ABOUT halfway through Paradise Garden, R.E.M.’s Mike Mills reflects on the Athens band’s early days of touring.
It was all too common for non-Southerners, seeing R.E.M. for the first time, to be flabbergasted to learn that artists and creative thinkers could emerge from the American South (“Isn’t that where hell is?” he parodies).
Throughout the film, Mills, Amy Ray of The Indigo Girls, Cindy Wilson of The B-52’s, Chris Frantz of Talking Heads, and visual artists like R. Land and Steve Penley share their encounters with preacher and artist Howard Finster, perhaps the most prolific artistic voice to come out of the South and change perceptions on religious art, folk storytellers, and what it means to create.
If you haven’t heard it, the legend goes like this: bike repairman and preacher Finster was working on an old bike when he got a dab of paint on his finger. A face appeared in the paint and spoke to him: “Paint sacred art.”
From then on, Finster, who’d never created a work of art in his life, made tens of thousands of numbered works, riddled with Bible verses and wonderful quips of his own philosophy and wisdom.
He painted on wood, telephones, Cadillacs, and anything he could find, but his greatest work was his own Paradise Garden, a Garden of Eden-inspired oasis of art and scripture.
Spread over four acres in Summerville, Georgia, the Garden featured a Bible House, Mirror House, Hubcap Tower, Bicycle Tower, Machine Gun Nest, and the iconic four-story Folk Art Chapel, all crafted by Finster. A shining example of visionary and found art, it became a mecca for Southern musicians and artists, particularly of the D.I.Y. and punk persuasion. Finster welcomed people of all walks of life to visit, and became close with many.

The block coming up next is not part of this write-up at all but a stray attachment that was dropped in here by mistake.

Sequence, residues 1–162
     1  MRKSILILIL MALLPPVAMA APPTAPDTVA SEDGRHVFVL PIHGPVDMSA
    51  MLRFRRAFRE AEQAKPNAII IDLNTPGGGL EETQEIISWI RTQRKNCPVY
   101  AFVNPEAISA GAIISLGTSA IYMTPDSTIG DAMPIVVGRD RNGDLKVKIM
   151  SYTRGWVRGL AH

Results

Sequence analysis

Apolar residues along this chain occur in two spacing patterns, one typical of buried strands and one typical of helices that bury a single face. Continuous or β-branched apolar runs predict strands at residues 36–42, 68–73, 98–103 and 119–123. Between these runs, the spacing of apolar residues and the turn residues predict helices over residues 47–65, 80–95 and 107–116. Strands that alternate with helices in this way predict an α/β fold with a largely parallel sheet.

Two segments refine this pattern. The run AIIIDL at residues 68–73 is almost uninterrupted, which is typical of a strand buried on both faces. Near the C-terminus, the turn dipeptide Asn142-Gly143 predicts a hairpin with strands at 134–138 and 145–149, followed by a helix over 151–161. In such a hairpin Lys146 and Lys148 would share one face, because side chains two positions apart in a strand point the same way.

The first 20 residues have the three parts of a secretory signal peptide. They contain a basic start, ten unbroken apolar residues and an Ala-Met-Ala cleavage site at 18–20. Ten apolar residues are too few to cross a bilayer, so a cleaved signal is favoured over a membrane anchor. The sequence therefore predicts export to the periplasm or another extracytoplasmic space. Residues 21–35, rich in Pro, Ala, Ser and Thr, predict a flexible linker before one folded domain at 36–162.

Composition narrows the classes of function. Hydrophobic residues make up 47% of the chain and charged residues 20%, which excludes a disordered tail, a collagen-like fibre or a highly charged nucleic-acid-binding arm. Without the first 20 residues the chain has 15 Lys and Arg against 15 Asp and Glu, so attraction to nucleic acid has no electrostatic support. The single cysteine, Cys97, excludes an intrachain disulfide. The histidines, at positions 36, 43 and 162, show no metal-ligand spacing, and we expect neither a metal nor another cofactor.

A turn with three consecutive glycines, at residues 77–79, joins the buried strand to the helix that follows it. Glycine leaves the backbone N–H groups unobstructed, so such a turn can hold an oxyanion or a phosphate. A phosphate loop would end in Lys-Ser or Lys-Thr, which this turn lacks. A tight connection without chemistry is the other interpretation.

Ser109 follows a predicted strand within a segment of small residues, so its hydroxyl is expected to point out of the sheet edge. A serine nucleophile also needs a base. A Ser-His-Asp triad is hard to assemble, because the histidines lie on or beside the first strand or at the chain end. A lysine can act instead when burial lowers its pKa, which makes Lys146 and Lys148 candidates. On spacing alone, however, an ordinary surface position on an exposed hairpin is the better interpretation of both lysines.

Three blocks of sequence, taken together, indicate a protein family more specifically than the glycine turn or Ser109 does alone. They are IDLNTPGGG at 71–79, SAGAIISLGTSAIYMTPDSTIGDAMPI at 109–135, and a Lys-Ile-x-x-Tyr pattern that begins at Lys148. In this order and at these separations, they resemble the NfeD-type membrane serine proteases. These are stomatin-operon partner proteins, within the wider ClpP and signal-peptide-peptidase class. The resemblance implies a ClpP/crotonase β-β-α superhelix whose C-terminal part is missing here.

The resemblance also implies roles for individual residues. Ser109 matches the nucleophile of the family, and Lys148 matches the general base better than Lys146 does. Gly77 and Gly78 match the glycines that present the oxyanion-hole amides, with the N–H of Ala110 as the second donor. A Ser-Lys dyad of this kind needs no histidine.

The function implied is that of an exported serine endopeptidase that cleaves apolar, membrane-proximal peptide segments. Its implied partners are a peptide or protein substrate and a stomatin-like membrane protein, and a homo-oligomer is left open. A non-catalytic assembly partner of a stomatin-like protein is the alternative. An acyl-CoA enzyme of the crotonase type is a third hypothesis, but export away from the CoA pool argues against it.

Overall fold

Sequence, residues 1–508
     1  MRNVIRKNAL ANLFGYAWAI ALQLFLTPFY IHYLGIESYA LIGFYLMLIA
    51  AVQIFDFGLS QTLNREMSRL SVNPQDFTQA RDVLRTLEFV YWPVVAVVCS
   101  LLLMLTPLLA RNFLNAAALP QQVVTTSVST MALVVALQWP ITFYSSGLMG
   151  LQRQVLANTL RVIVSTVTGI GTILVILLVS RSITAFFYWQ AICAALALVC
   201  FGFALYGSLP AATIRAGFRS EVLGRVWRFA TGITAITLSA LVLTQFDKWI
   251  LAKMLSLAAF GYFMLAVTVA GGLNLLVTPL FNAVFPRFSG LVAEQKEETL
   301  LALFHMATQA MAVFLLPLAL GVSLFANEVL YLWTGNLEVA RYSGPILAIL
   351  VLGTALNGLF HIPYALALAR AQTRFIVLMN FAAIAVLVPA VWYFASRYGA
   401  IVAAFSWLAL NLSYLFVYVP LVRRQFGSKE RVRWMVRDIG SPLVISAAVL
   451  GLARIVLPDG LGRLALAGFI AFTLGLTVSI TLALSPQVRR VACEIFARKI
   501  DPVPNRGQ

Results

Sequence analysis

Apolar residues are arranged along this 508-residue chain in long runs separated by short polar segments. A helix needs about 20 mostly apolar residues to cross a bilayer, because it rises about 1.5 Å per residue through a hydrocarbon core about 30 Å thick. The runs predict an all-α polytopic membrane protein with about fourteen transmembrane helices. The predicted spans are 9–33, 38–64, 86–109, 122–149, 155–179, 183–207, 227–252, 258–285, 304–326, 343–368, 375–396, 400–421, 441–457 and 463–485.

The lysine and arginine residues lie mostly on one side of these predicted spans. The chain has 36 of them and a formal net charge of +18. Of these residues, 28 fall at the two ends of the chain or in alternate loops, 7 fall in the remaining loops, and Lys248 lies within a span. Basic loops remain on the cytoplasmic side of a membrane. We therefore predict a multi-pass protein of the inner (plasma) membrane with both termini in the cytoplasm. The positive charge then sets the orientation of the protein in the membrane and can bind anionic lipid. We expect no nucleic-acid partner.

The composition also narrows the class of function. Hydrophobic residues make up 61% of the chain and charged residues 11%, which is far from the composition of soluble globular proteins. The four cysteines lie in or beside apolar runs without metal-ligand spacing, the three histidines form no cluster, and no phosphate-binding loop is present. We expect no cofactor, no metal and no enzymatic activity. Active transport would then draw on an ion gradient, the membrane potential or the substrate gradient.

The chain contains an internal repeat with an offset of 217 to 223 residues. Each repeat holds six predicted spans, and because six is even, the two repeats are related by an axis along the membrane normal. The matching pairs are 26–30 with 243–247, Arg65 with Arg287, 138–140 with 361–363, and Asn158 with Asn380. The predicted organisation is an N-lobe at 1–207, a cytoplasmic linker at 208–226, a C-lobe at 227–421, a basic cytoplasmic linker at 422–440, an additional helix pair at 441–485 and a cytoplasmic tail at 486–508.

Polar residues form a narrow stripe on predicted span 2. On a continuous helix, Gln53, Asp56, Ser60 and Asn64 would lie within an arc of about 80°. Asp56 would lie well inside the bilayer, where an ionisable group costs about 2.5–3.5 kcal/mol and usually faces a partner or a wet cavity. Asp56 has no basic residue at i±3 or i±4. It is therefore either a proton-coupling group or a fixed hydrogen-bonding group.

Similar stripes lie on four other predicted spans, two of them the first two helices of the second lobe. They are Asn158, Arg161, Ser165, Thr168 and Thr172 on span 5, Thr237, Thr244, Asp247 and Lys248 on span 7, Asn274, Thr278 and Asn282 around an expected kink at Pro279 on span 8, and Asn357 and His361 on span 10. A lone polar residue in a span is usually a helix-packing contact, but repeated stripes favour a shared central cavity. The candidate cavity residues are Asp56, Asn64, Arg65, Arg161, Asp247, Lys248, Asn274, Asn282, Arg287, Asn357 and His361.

Creating album art for R.E.M. and Talking Heads made his pieces highly collectible, but despite his fame, Paradise Garden fell into disrepair after Finster’s death in 2001. The doc guides the audience through the recent restoration process, where Finsterisms still abound and new ones are constantly discovered.
The interviews with Mills and Wilson are particularly memorable; their sincerity, friendships with Finster, and gratitude for his legacy is palpable in their personable stories.
Though not always the finest camerawork and lighting (both sometimes distracted from the narrative, and make some of the newer footage look confusingly older), Paradise Garden succeeds where others have failed: by presenting Finster not as a caricature “outsider artist,” but as a benevolent, inspirational man and American treasure, who, as one interview subject notes, is “probably better than Picasso.”
The interviews, spliced with footage of Finster’s near-indiscernible preachings, TV interviews, his hysterical Johnny Carson appearance, and conversations with collectors and those working hard to bring Paradise Garden back to its original glory make for a truly inspiring film.
After seeing Paradise Garden, you’ll be filled with a new kind of Southern pride—a joy in the conviction and dedication of our unparalleled regional makers.
Thursday, 11:30 a.m., Trustees Theater.
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